Briefing: the rising tax burden

The Office for Budget Responsibility releases monthly data compiling figures on the public finances. Analysis of 74 years of parliamentary terms and tax burden data up to 2024-25 in the April 2024 release[1] shows that the current parliament is set to have raised the tax burden more than any other since 1950. As previous research has shown,[2] governments which raise the tax burden typically lose elections and vice versa suggesting that voters pay attention to the impact of taxes. With income tax thresholds frozen and personal taxes rising, despite cuts to national insurance contributions, it is clear why the tax burden is set to increase to an eight decade high.




Key findings

  • In 2023-24, the tax burden as a percentage of GDP fell by 0.3 percentage points from the 2022-23 figure to 36 per cent. This is the first time the tax burden has fallen as a percentage of GDP since 2019-20 when it fell by 0.7 percentage points from the 2018-19 figure to 33.1 per cent.
  • The tax burden is forecasted to rise every year from 2024-25 up to the end of the forecast period in 2028-29.[3] The forecast shows the tax burden standing at 37.1 per cent in 2028-29, this would be the highest tax burden in 80 years.
  • The forecasted tax burden for 2028-29 means that only the tax burden in 1948, of 37.2 per cent, would surpass it.[4]
  • The current parliament is set to have increased the tax burden by more than any other single parliament since 1950 as a percentage of GDP, raising it by a forecasted 3.3 percentage points. The next largest increase in the tax burden by a parliament occurred after Harold Wilson’s second general election victory with the 1966 to 1970 parliament increasing the tax burden by 3.0 percentage points.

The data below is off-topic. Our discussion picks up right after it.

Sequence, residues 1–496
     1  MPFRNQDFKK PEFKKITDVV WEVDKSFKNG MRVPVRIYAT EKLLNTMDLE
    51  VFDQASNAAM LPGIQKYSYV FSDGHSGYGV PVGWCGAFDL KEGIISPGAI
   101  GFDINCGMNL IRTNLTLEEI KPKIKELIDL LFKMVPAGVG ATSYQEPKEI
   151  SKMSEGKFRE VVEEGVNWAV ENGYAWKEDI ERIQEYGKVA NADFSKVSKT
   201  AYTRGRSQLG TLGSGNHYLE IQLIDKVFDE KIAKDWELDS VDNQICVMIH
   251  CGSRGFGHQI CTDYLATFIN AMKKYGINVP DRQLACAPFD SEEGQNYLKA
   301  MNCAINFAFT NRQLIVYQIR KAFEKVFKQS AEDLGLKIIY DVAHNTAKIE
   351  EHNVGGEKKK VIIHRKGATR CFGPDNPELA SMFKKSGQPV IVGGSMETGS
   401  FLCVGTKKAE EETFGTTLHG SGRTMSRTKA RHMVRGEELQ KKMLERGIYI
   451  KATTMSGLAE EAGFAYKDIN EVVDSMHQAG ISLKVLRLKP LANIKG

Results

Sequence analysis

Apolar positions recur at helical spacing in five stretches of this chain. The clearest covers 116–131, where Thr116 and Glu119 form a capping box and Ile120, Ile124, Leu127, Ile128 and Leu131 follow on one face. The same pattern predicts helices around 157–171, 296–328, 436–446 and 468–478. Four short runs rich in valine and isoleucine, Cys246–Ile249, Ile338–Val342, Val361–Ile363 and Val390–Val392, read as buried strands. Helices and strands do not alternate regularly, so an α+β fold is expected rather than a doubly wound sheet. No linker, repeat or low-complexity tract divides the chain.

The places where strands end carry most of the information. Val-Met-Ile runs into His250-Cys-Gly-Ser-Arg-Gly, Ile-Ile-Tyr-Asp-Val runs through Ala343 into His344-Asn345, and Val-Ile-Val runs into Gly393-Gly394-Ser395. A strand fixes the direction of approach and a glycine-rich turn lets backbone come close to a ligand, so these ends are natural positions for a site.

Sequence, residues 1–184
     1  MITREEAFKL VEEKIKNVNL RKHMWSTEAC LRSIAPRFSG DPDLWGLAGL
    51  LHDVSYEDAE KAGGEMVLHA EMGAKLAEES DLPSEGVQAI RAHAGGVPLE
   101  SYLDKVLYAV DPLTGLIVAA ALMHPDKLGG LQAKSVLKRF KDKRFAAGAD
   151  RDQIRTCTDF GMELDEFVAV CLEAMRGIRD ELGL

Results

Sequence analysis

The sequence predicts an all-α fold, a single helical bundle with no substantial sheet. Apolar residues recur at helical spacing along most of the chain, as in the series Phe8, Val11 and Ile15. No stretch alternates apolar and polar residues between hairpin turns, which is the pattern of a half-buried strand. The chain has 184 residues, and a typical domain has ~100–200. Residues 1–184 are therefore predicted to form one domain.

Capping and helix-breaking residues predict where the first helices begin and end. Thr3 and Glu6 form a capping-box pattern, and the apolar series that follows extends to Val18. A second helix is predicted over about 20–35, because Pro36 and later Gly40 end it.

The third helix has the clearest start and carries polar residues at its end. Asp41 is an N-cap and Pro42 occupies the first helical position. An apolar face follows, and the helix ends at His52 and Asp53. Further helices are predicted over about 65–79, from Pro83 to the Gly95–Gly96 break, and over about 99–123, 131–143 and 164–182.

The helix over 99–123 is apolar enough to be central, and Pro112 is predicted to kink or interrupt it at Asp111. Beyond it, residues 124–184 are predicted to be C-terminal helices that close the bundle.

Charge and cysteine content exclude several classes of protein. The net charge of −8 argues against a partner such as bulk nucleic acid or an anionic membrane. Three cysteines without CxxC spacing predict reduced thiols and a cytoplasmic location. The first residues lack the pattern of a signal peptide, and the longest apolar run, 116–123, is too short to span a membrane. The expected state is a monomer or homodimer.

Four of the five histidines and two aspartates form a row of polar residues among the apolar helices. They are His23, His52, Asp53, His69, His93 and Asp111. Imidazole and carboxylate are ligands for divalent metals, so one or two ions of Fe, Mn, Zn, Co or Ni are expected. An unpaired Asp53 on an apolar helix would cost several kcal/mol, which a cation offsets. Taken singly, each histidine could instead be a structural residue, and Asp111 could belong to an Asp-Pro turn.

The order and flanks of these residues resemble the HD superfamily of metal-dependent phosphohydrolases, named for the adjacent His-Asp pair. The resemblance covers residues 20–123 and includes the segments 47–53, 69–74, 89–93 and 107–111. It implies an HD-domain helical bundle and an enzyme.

• The 1951 to 1955 parliament cut the tax burden by the largest amount as a percentage of GDP with it falling by 5.1 percentage points.
  • Total managed expenditure, the sum of public sector expenditure, net investment and depreciation, reached its post-war peak during the coronavirus pandemic. As a percentage of GDP, it accounted for 53.1 per cent in 2020-21. This is set to consistently fall until it reaches 42.5 per cent of GDP in 2028-29, the end of the forecast period.
  • By 2028-29, total managed expenditure as a percentage of GDP is forecast to be equivalent or more than every pre-pandemic year between 2013-14 and 2019-20, with it standing at 44.1 per cent in 2012-13.




[1] Office for Budget Responsibility, Public finances databank – April 2024, 25 April 2024,, (accessed 3 May 2024).

[2] TaxPayers’ Alliance, Briefing: election results and the tax burden in election years, February 2024,, (accessed 3 May 2024).

[3] Office for Budget Responsibility, Public finances databank – April 2024, 25 April 2024,, (accessed 3 May 2024).

[4] Ibid.

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